Irenic Thoughts

Irenic. The word means peaceful. This web log (or blog) exists to create an ongoing, and hopefully peaceful, series of comments on the life of King of Peace Episcopal Church. This is not a closed community. You are highly encouraged to comment on any post or to send your own posts.


We sheep need a shepherd

In reading and praying through what the Bible means to us, we are surrounded by a "great cloud of witnesses," the many Christians who have come before us. It is good to learn how a passage of scripture spoke to previous generations of Christians. Tomorrow's Gospel reading is John 10:1-10 in which Jesus refers to himself as both the gate by which the sheep enter the sheep fold and the shepherd of the sheep. What follows was written by Clement of Alexandria (died 215 A.D.) who was born in Athens, Greece, came to be best known as a teacher in a Christian school in Alexandria, Egypt and later moved to Cappadocia, Turkey. Alexandria in particular was a major center of learning with a vast library. It was the closest thing of its day to a major university and it was in that cosmopolitan marketplace of ideas that Clement taught those on a deeper quest for the Truth about Jesus.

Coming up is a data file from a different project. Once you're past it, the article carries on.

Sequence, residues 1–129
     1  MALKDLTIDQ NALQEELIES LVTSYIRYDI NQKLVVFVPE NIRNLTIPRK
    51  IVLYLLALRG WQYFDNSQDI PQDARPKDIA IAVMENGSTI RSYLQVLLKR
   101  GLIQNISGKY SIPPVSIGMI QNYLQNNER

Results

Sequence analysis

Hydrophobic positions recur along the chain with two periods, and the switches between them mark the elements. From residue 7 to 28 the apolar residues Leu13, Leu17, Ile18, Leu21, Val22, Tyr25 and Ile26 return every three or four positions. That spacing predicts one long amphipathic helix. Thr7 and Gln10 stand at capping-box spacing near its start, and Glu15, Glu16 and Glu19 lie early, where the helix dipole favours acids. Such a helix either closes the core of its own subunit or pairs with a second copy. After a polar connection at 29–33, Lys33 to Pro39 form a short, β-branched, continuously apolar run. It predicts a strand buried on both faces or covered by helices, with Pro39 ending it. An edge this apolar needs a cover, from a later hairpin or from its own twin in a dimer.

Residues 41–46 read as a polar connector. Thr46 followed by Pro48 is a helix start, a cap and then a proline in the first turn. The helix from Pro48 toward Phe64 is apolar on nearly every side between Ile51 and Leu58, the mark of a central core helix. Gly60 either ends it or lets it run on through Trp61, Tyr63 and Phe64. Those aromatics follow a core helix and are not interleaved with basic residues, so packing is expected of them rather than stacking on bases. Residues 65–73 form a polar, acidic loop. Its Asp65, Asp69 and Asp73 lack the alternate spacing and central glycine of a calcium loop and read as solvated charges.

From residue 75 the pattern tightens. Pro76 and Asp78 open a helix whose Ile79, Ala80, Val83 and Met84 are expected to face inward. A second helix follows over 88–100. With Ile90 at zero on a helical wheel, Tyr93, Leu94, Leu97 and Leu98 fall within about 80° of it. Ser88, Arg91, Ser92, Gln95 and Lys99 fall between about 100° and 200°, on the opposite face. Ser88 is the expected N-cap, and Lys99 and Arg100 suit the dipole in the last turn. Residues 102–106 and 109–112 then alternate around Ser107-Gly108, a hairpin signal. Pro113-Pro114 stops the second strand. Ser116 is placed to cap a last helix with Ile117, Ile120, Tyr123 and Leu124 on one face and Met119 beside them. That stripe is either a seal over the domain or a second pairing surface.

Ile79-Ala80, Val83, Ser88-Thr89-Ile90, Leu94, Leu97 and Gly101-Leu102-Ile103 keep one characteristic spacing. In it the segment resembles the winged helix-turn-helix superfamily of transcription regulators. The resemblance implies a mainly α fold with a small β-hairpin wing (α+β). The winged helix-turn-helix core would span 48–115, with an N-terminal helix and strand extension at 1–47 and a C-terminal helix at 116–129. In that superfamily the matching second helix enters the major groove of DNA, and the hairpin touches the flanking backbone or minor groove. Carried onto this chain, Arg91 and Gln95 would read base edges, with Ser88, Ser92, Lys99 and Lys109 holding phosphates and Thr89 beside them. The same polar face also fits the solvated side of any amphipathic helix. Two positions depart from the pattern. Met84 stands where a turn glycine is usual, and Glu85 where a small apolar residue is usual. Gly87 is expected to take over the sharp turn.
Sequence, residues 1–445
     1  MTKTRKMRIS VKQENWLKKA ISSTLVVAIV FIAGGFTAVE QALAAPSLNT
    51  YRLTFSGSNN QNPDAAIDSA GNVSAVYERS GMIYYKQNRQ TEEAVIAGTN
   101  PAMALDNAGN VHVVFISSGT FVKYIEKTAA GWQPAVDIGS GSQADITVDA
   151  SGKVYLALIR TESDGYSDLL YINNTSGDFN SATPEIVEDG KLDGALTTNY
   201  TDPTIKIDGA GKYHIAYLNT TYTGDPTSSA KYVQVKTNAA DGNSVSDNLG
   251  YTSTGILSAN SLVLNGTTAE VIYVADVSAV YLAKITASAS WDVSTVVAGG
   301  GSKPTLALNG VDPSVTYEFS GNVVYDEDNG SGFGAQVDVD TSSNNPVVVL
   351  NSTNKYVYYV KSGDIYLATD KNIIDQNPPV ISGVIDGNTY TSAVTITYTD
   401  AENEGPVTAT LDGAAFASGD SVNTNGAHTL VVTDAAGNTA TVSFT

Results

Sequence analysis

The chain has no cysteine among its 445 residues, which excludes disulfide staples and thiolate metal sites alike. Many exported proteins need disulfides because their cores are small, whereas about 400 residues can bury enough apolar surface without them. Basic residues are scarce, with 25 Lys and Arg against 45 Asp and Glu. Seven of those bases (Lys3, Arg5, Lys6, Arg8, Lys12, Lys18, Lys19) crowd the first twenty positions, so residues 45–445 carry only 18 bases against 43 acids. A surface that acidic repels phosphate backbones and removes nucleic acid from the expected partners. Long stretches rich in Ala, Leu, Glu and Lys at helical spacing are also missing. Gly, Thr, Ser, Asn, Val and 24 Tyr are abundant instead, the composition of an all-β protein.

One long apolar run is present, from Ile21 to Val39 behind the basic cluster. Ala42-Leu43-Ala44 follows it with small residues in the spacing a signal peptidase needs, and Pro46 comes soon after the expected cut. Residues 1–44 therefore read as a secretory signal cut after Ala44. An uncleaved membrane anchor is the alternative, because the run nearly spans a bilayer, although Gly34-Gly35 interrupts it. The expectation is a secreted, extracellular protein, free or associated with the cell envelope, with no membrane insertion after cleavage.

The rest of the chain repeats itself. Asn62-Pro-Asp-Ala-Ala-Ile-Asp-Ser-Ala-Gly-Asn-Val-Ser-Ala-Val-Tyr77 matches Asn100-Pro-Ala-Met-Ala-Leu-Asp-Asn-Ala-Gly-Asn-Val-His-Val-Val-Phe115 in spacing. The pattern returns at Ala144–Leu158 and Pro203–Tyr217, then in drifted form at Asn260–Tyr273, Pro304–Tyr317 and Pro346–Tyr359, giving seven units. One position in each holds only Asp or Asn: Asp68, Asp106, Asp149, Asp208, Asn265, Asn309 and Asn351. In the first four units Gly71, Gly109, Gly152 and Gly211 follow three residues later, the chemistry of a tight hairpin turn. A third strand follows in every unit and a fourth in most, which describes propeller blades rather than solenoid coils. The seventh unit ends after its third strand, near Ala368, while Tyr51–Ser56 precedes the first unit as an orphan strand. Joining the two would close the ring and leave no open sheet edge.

About our passage for tomorrow, Clement wrote,
a fifth century depiction of Jesus as Good ShepherdIn our sickness we need a savior, in our wander- ings a guide, in our blindness someone to show us the light, in our thirst the fountain of living water which quenches for ever the thirst of those who drink from it. We dead people need life, we sheep need a shepherd, we children need a teacher, the whole world needs Jesus!

If we would understand the profound wisdom of the most holy shepherd and teacher, the ruler of the universe and the Word of the Father, when using an allegory he calls himself the shepherd of the sheep, we can do so for he is also the teacher of little ones....Such is our Teacher, both good and just. He said he had not come to be served but to serve; and so the gospel shows him tired out, he who labored for our sake and promised to give his life as ransom for many, a thing which, as he said, only the Good Shepherd will do.

How bountiful the giver who for our sake gives his most precious possession, his own life! He is a real benefactor and friend, who desired to be our brother when he might have been our Lord, and who in his goodness even went so far as to die for us! (The Teacher 9, 83, 3-85, a: SC 70, 258-261)
Frank wrote an answer at to a question about where people who believe in predestination find that doctrine in scripture.


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